You can read chapter four of Schaum's Quick Guide to Writing Great Research Papers an eBook in our online collection, click the title to open: "How Do I Write a Thesis Statement?" .
Another option is to think of a thesis statement as one complete sentence that expresses your position .
- Narrows the topic down to a specific focus of an investigation.
- Establishes a direction for the entire paper.
- Points forward to the conclusion.
- Always stated in your introduction. (Usually at the end of the first paragraph).
- Always take a stand and justify further discussion.
A thesis statement is not a statement of fact.
Your readers—especially your instructors—want to read writing that engages them. Consequently, you must write thesis statements that are arguable, not factual. Statements of fact seem easy to write about because, well, they are easy to prove. After all, they’re facts. The problem is that you cannot write engaging papers around statements of fact. Such theses prevent you from demonstrating critical thinking and analytical skills, which you want to show your instructor. If you were to write a paper around the next two statements, your writing would probably be quite dull because you would be restating facts that the general public already knows.
Thesis Statements always take a stand and justify further discussion.
In order to make your writing interesting, you should develop a thesis statement that is arguable. Sometimes you will be writing to persuade others to see things your way and other times you will simply be giving your strong opinion and laying out your case for it.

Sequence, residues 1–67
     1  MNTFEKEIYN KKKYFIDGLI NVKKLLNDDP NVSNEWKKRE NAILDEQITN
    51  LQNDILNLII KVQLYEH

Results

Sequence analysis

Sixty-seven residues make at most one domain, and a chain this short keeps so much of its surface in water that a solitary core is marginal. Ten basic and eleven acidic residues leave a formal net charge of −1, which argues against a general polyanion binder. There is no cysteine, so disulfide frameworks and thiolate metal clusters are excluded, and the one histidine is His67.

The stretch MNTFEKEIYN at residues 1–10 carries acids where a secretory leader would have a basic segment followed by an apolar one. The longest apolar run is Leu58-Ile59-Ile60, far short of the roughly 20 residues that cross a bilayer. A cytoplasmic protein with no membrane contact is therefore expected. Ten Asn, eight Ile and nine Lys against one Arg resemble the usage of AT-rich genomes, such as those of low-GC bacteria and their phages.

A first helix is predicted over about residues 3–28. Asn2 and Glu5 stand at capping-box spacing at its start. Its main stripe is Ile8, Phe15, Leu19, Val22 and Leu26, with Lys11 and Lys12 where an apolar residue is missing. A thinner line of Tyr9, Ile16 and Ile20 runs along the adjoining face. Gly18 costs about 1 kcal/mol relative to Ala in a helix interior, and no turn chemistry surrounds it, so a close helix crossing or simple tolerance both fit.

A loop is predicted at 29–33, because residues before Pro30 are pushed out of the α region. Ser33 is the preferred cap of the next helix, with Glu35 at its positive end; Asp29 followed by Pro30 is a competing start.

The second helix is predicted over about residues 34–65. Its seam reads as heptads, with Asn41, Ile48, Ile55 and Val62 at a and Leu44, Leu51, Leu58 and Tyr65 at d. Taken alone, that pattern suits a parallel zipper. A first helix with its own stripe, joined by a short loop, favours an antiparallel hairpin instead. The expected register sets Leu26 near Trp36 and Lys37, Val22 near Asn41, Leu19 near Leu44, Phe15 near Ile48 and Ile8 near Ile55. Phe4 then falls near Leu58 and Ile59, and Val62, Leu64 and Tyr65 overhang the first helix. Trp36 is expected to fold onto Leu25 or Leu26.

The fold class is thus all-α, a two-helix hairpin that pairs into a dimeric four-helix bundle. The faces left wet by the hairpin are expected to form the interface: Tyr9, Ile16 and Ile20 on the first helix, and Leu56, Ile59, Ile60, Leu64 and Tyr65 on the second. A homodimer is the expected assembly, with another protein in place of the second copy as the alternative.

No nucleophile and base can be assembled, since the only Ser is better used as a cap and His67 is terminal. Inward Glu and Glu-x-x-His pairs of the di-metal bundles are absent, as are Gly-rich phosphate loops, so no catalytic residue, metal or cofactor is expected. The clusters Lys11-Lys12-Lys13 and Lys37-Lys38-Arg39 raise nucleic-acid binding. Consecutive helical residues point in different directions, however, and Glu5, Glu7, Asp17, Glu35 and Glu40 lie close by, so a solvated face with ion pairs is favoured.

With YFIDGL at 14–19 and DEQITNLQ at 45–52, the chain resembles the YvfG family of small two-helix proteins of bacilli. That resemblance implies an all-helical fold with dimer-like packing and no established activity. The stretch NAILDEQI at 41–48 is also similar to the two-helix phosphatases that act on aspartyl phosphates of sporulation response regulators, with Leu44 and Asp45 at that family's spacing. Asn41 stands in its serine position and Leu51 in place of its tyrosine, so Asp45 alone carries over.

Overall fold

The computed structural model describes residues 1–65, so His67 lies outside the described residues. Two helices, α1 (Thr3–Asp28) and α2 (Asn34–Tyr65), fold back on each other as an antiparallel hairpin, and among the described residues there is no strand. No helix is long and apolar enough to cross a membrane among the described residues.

Take a look at the following examples:
Statement of fact:
Small cars get better fuel mileage than 4x4 pickup trucks.
Arguable thesis statement:
The government should ban 4x4 pickup trucks except for work-related use.
Foul language is common in movies.
The amount of foul language in movies is disproportionate to the amount of foul language in real life.
State ment of fact:
Celiac disease is an autoimmune disease.
Arguable thesis statement/opening paragraph:
Researchers think the incidence of celiac disease is increasing in the USA not only because of an increase in the ability and awareness to diagnose it, but also because of changes in the agricultural system. In particular, they are looking at the increased use of pesticides, insecticides, and genetically modified wheat as culprits. Some of these theories are more likely to be valid than others.